I am sure our blood will curdle. I suppose it is because I am an old, impenitent politician that I remain cool. I could not help remembering, in particular, what Deputy Lemass has just confessed with extraordinary frankness, that this passionate desire on the part of the people to be allowed to elect Senators was shown up at the last election when less than twenty-five per cent. took the trouble to go to the poll. This is the right which they value so highly that because we propose to take it away they are presently to arise and slay! Finally we are told that all Second Chambers are bad, but a Second Chamber not directly elected by the people is worse than bad.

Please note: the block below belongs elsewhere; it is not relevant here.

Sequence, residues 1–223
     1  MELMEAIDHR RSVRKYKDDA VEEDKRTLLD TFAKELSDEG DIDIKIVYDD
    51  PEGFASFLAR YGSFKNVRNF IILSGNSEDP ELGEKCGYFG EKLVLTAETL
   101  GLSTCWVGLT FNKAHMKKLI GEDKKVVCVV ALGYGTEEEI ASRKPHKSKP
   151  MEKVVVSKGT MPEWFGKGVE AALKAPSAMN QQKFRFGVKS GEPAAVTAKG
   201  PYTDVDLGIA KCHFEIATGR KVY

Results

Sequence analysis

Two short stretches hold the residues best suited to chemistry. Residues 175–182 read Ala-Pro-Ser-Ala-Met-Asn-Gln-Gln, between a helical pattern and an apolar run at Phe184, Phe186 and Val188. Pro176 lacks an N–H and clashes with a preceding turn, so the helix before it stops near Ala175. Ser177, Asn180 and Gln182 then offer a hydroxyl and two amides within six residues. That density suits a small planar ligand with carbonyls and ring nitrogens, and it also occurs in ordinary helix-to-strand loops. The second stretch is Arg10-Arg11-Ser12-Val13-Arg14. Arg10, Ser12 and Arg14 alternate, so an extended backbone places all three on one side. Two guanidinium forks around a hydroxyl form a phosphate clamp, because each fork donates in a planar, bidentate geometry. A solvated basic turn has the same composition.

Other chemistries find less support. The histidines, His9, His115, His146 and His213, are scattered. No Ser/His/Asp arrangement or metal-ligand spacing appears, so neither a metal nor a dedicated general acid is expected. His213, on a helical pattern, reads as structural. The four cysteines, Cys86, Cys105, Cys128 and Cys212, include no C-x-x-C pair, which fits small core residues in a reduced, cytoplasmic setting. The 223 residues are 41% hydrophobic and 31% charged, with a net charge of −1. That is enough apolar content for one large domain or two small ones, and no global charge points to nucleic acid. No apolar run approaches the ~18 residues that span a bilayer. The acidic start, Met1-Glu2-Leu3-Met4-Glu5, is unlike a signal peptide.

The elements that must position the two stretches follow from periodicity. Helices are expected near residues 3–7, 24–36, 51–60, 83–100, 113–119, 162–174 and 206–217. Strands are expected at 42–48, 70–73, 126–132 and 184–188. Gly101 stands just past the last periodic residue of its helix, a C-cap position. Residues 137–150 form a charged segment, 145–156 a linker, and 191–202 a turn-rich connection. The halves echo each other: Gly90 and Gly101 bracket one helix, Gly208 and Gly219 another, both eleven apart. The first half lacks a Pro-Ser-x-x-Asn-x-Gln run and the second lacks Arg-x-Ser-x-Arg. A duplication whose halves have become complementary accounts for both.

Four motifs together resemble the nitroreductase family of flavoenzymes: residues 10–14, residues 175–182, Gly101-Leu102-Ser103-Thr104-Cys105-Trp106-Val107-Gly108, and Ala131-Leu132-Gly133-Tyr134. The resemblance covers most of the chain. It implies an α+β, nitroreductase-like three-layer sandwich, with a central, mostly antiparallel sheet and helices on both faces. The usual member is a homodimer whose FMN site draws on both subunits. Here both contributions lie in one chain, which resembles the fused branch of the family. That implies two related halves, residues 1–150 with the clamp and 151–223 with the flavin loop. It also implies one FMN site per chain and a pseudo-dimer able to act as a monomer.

I am going briefly to examine these two or three propositions, not in the light of the study, but in the broad daylight of practical experience. I have already dealt with the suggestion that there is this passionate resentment on the part of the people against the removal of this particular provision. I will say no more about that. Let me take for a moment the other one: That a Second Chamber must be bad and that a Second Chamber not elected by the people must be very bad. As to a Second Chamber being bad, that is purely a matter of opinion. I can only say that I entirely disagree with Fianna Fáil Deputies about that. I believe that in every country, and not least in this country, a strong, impartial, independent Second Chamber is of first importance to the good government of the State. If there is to be a Second Chamber how are you going to get the best kind of Second Chamber? I pay Fianna Fáil the compliment of supposing that if there is to be a Second Chamber they desire that it should be a good one. Although some speakers left us in a good deal of doubt, I am sure that represents the more general view, and I am sure it is the view of Deputy de Valera. If there is to be a Second Chamber, how are you going to get a good one? I would lay this down to thinking men as axiomatic: Whatever is to be the character of the Second Chamber, there is one thing it ought not to be, and that is a mere replica of the First Chamber because it will be either of two things: If it is a weak Second Chamber, it will be subservient, and therefore useless; if it is a strong Second Chamber, being at the same time a replica of the Dáil, then it will be a dangerous rival. There are these two obvious difficulties about any general form of popular election for the two Parliamentary bodies in the State. The Second Chamber will be either one or the other. I do not think, as a matter of fact, that there is much fear of the Seanad here ever being, under our Constitution, a serious rival to the Dáil. I cannot think that anybody can believe that. There is a very real danger—there certainly would be a growing danger—if the present system were to be continued, lest the Seanad should become a weaker copy of the Dáil, in which case, to my mind at least, it would serve no useful function.